The ADCP does that in a special way. You might have noticed the way the pitch, or frequency, of a police or fire-engine siren changes as the sound approaches and passes you. This is the “Doppler shift.“ ADCPs measure current directly by pinging sound waves off of particles such as sediment or plankton or anything else suspended in the water column and drifting with the current. The wave arrives back at the instrument with a slightly different frequency than the outgoing wave, and from that difference, scientists (and computers) can calculate the speed at which the particles are moving—current. Western boundary currents containing hot tropical water tend to be less rich in plankton than cold northern waters that have been uplifted from the depths, but there are always “targets” of one kind or another in the ocean to ping sound off of.
ADCPs have developed and advanced over the years into one of the most useful and versatile means of measuring oceans. Two ADCPs are mounted in Knorr’s hull constantly pinging the current. Constancy is important because, as stressed earlier, current—and everything else that moves in the ocean—varies, so oceanographers are always seeking ways to reconcile short-term variation with long-term trends. In addition to these “shipboard” ADCPs, Lisa has mounted others on the top-float of her moorings—along with the acoustic current meters—to measure the large-volume flow close to the surface. After they’ve been down there doing their work for three years, they will deliver a fairly complete profile of the Agulhas at this carefully chosen location.
But the device that had perhaps the greatest liberating impact on the practice of physical oceanography (and seafaring) is one we take for granted at sea and ashore. It shows up in cars, on cell phones, even watches—the GPS. All of this precision acoustic gear would be of little use if we didn’t know where we were when we did the measuring. The fancy technology on the bridge that positions Knorr exactly where the scientist wants her all depends on those 24 satellites orbiting Earth fixing our position within a few meters. With all respect for the mariners who made brilliant voyages using celestial navigation, that system is not even nearly accurate enough for science purposes. And neither were the first land-based electronic systems that preceded GPS. Still, the earlier generations of oceanographers did remarkable work within their technological limitations.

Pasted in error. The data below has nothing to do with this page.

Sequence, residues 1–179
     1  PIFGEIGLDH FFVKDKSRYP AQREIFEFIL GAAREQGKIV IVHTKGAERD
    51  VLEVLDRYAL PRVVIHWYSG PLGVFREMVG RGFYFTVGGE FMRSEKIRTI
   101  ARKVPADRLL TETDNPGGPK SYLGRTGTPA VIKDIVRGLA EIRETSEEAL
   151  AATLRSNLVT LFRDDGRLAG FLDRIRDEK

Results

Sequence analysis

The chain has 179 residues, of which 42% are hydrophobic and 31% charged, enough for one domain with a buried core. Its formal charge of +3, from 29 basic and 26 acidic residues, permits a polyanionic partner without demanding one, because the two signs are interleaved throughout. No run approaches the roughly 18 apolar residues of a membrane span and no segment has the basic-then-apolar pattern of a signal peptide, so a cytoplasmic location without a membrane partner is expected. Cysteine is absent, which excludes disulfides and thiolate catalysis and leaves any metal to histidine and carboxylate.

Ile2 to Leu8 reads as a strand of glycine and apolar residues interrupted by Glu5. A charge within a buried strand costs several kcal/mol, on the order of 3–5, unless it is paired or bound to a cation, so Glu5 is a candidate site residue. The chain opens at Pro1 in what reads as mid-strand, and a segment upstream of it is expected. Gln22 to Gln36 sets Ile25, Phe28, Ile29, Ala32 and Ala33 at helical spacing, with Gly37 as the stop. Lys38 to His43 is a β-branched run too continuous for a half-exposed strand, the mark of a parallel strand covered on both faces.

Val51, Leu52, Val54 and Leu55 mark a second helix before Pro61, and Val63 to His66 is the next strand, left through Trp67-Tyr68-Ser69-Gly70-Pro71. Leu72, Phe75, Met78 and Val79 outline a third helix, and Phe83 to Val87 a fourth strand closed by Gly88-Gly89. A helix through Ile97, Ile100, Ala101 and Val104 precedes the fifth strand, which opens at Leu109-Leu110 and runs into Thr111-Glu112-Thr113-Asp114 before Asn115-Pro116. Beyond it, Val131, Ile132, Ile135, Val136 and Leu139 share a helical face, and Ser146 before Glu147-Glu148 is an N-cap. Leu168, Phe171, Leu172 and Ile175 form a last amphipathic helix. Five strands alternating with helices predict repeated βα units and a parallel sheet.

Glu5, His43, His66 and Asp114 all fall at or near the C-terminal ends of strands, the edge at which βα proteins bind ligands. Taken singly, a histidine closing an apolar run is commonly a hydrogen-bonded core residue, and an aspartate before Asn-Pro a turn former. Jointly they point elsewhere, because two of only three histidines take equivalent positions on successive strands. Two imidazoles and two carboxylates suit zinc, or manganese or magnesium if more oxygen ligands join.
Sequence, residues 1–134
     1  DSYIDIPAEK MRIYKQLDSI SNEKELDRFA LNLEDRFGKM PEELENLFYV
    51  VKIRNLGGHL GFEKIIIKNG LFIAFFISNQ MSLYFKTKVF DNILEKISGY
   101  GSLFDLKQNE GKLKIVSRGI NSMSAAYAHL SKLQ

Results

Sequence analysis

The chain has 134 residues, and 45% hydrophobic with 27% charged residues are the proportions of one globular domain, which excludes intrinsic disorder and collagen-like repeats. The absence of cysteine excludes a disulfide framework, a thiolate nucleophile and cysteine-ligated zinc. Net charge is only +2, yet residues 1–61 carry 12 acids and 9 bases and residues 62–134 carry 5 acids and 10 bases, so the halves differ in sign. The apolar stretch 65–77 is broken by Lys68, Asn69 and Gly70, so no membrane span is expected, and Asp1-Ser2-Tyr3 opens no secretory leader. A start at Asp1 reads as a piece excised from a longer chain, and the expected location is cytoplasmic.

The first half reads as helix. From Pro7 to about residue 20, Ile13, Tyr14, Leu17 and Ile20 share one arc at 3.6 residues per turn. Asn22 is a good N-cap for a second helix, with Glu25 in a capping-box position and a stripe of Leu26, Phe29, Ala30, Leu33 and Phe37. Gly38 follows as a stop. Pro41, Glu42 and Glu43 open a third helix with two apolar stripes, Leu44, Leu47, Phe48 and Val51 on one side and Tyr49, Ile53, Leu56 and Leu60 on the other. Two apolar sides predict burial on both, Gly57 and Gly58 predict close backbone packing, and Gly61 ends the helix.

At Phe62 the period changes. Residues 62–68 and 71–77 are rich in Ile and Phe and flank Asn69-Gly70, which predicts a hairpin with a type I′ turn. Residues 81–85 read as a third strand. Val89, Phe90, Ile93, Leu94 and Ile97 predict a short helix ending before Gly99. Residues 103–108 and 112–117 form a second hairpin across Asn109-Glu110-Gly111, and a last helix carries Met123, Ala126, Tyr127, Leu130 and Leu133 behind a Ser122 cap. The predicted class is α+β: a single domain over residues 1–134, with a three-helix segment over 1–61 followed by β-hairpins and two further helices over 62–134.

For instance in the 60s, pioneering oceanographers, brilliant people like John Swallow and Henry Stommel, found bottom features with known positions and anchored a buoy over them, then used radar, which presented a known distance and compass bearing to the buoy, to fix the ship’s position. But the pioneering days lay beyond the memory of everyone on this ship
Well, it’s a gorgeous evening out here on the Indian Ocean, and it’s reflected in the buoyant mood aboard Knorr. That’s usually the way of it—the ocean controls everything, and all that gee-whiz technology notwithstanding, we’re still a ship floating on the sea, in that sense no different than in the pioneering days.
Photo credits: Lisa Beal and Dallas Murphy